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"We should leave fear alone as a natural response to crime unless it reaches that chronic or phobic level," Chris Melde says. "That's when you want to intervene." (Credit: patrick wilken/Flickr)


Your fear of crime might keep you safe

A new study challenges the idea that it’s unhealthy to be afraid of crime. Researchers say a little fear may help keep you safe.

Young people who are more fearful of crime are less apt to become victims or offenders of violent acts, says Chris Melde, an associate professor of criminal justice at Michigan State University. Fearful youth tend to avoid potentially dangerous people, locations, and activities such as drug-fueled parties.


Instead of trying to reduce this fear, Melde says, law enforcement agencies should focus on direct anti-crime initiatives and providing details on which crimes are most likely to occur and where. This would help citizens become better informed on issues that could affect their routine activities and safety.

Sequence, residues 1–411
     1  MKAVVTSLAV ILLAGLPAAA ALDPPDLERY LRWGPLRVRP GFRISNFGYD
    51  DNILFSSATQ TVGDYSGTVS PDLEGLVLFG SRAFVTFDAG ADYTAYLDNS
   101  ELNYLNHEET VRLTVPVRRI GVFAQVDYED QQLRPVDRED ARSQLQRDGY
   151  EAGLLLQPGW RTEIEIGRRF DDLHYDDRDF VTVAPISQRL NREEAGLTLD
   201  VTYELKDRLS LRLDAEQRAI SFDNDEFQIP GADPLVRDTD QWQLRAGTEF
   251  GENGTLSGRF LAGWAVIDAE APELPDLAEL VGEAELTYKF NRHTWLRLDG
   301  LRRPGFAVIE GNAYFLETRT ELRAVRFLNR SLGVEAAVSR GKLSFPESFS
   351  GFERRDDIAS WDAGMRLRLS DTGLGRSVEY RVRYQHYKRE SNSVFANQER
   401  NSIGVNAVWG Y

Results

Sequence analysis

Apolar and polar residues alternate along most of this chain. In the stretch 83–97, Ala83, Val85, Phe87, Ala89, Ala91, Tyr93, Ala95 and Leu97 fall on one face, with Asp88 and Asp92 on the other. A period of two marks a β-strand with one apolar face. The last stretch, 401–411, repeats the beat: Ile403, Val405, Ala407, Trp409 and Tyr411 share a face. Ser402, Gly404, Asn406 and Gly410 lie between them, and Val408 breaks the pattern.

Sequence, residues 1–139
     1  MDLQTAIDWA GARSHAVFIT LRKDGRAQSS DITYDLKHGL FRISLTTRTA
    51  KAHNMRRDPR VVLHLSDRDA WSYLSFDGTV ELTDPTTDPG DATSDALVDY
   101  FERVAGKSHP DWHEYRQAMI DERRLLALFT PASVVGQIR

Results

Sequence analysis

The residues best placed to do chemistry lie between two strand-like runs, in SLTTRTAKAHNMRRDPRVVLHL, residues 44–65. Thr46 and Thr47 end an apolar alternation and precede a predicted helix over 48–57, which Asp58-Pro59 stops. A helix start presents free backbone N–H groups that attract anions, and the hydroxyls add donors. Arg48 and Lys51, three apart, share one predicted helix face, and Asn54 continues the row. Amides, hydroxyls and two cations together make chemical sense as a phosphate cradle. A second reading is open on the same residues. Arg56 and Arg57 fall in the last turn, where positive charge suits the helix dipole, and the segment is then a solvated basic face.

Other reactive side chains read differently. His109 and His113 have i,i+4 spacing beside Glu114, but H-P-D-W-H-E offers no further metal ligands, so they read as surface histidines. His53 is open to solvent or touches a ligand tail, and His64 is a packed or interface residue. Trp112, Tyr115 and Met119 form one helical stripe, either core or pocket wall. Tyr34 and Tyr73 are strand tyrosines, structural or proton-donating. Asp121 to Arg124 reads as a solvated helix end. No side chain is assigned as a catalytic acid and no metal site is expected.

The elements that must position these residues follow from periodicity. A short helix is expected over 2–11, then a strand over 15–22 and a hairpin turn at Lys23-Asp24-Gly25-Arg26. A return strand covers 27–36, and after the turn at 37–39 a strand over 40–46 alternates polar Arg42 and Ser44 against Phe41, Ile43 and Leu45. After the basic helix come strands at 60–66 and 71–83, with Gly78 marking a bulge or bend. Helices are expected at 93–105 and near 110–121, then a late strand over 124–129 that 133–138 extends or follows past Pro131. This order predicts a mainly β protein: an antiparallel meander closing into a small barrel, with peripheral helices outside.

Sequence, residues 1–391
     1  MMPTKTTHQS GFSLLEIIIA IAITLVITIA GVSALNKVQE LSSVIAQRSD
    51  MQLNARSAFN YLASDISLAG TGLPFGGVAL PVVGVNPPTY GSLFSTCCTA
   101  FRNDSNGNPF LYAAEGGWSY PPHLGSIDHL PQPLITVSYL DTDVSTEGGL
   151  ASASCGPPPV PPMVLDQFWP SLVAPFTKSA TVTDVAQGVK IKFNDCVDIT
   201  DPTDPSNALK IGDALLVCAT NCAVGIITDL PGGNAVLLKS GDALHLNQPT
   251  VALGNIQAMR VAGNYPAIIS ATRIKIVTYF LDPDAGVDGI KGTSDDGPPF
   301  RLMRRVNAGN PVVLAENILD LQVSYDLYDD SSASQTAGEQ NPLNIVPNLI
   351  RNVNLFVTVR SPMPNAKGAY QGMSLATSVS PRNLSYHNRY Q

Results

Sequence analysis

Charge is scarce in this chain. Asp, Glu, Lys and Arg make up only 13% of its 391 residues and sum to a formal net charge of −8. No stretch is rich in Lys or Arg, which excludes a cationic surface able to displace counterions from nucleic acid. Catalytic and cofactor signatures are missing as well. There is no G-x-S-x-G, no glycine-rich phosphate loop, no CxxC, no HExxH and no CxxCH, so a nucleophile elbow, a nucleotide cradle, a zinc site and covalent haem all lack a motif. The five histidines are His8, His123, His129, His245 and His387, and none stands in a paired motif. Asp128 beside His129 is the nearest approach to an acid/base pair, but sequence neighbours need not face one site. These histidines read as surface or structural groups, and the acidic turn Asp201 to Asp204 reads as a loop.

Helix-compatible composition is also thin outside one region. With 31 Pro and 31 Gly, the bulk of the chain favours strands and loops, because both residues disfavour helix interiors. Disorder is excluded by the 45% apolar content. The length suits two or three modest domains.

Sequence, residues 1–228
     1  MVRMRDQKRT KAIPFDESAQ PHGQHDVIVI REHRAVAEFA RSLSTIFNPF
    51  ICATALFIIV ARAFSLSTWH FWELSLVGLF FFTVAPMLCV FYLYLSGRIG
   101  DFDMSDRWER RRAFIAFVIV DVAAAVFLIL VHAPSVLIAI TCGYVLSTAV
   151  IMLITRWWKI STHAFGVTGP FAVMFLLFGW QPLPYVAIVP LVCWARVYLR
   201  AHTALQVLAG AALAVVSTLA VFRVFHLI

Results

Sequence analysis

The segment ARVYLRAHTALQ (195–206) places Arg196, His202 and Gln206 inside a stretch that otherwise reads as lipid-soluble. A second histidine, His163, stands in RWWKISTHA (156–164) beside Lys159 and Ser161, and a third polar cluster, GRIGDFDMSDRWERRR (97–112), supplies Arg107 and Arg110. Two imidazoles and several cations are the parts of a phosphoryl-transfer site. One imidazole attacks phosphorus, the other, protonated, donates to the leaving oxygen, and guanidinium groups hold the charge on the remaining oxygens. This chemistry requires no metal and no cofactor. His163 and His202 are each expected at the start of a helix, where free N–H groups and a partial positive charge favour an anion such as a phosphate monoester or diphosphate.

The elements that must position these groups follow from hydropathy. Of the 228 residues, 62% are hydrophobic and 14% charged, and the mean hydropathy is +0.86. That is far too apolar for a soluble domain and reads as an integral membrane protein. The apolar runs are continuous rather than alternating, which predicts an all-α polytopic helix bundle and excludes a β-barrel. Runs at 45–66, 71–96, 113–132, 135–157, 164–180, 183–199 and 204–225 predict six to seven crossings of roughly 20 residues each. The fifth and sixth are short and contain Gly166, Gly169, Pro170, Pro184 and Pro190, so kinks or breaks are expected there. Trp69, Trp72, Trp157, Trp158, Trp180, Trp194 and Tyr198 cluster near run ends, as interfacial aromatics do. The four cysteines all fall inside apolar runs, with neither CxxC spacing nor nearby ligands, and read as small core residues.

“If we’re going to reduce crime and victimization, we should present people with an accurate assessment of crime and delinquency in local areas,” advises Melde. “Policies aimed at fear reduction are not likely to be effective crime-reduction strategies.”

Victims and offenders

Melde studied more than 1,600 youth from across the United States during a one-year period. He found that respondents who reported more fear were less likely to be involved in violent acts such as assaults, robberies and gang fights. The study appears online in the journal Justice Quarterly.

Interestingly, the results held for both victims and offenders. That’s because the two groups often come from the same pool of people, which is called the victim-offender overlap. While there are “pure” victims, Melde notes, disentangling victim from offender could come down to determining who started a street fight.

The findings relate to situations people can avoid, Melde says, and not to the types of victimization that deal with one person’s power over another, such as child abuse and domestic violence.

“We should leave fear alone as a natural response to crime unless it reaches that chronic or phobic level,” Melde says. “That’s when you want to intervene.”

Source: Michigan State University

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